The Chinese regime is a great example of national cyber sovereignty. The government restricts access to foreign services and has also developed technology for intrusive surveillance and internet censorship.
Similarly, Russian legislation provides the government with an internet kill switch in a national emergency.
In response to growing human & internet rights violations, some tech companies are now refusing to share sensitive data with authorities.
As companies and firms refuse to comply with government demands, several countries have banned certain international services from operating within their jurisdiction, and others now insist that services must store user data within their borders.
With more stakeholders speaking up about human rights violations, the best move would be tackling such issues and replacing them with democratic and rights-promoting structures & policies well-suited for internet users worldwide.
More governments and internet stakeholders cooperating to improve the security and freedom of the internet will thwart Russia and China’s campaign for cyber sovereignty and prevent other forms of internet regulations and control.
A Look At the Global Decline in Internet Freedom Per Country
For the past decade, the rate of global internet freedom has been moving downhill. According to Freedom House, in 2020, the condition of internal rights in 26 countries worsened, while 22 countries experienced improvements.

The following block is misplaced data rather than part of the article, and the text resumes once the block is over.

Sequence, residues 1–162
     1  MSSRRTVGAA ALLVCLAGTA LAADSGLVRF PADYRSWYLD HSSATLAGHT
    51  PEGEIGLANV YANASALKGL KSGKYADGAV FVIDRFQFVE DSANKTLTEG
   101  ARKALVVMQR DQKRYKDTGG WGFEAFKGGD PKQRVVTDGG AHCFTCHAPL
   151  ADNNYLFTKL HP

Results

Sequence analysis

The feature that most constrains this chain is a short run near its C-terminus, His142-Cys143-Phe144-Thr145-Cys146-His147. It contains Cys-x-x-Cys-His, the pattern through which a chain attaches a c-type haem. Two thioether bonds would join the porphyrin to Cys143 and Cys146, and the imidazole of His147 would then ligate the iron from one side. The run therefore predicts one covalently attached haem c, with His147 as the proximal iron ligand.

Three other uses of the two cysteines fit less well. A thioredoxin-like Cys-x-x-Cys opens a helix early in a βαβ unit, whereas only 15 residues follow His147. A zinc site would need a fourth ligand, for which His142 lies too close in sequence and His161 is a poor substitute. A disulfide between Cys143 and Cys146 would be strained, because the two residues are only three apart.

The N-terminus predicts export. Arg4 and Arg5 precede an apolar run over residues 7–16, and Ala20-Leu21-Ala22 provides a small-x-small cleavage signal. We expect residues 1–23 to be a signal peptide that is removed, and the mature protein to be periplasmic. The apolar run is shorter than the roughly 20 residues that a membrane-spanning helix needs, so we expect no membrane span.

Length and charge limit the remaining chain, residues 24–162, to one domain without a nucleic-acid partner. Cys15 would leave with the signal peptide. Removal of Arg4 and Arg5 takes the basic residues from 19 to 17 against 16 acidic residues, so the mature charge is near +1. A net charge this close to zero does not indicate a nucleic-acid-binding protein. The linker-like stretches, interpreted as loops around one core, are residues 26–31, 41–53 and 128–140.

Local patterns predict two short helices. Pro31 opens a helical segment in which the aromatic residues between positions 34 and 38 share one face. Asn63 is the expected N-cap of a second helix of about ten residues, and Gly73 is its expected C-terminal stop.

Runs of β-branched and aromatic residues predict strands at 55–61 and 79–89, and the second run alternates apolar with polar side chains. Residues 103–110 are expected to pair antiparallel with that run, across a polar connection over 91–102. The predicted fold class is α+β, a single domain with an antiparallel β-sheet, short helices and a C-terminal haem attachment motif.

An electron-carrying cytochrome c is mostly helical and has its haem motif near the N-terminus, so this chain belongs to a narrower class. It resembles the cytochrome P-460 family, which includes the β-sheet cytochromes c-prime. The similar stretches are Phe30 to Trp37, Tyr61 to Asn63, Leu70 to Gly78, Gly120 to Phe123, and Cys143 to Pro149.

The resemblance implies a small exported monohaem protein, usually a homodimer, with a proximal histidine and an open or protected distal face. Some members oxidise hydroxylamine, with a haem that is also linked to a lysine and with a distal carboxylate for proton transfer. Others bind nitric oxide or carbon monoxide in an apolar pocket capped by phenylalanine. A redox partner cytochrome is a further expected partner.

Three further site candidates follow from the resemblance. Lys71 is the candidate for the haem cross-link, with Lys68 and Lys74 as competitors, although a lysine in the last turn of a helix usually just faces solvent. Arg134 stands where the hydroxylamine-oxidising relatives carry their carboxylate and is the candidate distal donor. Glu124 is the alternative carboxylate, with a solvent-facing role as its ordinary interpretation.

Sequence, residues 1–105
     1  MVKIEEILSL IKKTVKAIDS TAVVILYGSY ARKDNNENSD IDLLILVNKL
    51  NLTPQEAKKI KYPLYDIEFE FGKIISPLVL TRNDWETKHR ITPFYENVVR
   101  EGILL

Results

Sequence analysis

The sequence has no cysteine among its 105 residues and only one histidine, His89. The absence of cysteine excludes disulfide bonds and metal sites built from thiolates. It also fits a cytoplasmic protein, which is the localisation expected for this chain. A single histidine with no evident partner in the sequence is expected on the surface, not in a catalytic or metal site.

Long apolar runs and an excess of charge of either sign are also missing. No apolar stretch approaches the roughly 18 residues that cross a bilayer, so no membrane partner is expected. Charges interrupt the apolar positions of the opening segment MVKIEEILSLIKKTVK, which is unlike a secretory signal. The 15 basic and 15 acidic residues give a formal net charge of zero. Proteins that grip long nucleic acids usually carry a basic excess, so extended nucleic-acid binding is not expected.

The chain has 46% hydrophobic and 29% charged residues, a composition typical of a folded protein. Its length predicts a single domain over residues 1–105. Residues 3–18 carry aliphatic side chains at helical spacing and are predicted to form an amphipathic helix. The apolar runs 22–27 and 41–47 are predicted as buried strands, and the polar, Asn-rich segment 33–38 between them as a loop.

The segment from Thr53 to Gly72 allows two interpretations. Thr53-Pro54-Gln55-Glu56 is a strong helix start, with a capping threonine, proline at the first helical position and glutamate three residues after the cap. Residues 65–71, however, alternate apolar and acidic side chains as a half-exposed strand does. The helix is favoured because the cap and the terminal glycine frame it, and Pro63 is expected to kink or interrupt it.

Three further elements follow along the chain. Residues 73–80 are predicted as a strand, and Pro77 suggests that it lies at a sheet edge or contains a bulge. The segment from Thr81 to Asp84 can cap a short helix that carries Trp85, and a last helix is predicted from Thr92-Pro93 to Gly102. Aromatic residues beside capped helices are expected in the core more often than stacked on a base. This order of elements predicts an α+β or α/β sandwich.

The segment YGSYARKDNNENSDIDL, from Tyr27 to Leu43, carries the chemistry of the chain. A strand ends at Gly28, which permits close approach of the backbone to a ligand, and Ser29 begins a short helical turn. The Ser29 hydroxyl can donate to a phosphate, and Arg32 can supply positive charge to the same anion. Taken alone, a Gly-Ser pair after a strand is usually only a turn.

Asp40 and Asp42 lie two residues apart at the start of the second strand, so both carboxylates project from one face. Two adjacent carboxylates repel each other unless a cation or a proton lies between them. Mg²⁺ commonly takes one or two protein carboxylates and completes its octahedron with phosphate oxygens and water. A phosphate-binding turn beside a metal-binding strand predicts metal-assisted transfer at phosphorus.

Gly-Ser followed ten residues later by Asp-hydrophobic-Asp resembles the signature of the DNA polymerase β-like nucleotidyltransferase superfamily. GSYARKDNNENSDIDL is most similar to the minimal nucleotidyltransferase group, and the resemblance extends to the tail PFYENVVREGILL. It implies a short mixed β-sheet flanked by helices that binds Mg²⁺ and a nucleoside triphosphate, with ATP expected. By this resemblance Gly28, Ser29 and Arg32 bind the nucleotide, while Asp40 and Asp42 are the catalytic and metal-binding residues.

Myanmar and Kyrgyzstan had the lowest numbers, with both countries cutting off internet connection and controlling online content. Nigeria, Ecuador, and India were also some countries that have deliberately interfered with internet connection.
Meanwhile, Ukraine, Sudan, and Zimbabwe experienced improvements in human rights online. Iceland is still the best nation that upholds human rights, and China holds the record for being the least free nation online.
With the reign of Omar al-Bashir ended by civilian protests and military action, internet freedom in Sudan has improved. Current laws now protect citizen’s rights to expression and internet access.
In Ukraine, the new administration doesn’t block websites like the previous one, and it has also removed the requirement of a telecommunications license.
In 2019, the government of Zimbabwe restricted internet access in the wake of protests. However, there has been no repeat of such actions since then. Experts, however, worry that the nation’s government could revert to its old ways after a while.
Law institutions have also stepped up to challenge the legitimacy of internet shutdowns, website blocking, and the extent of government surveillance in countries like Indonesia, Sudan, Pakistan, and Germany. This shows that government authorities can still be held accountable.
COVID-19 not only affected the global health sector, but our lifestyles also had to adjust to fit the current realities. Across the world, people are not only faced with health protocols and restrictions, but we now also have to deal with the fight for internet freedom as governments try to take more control, ignoring the rights they are supposed to protect.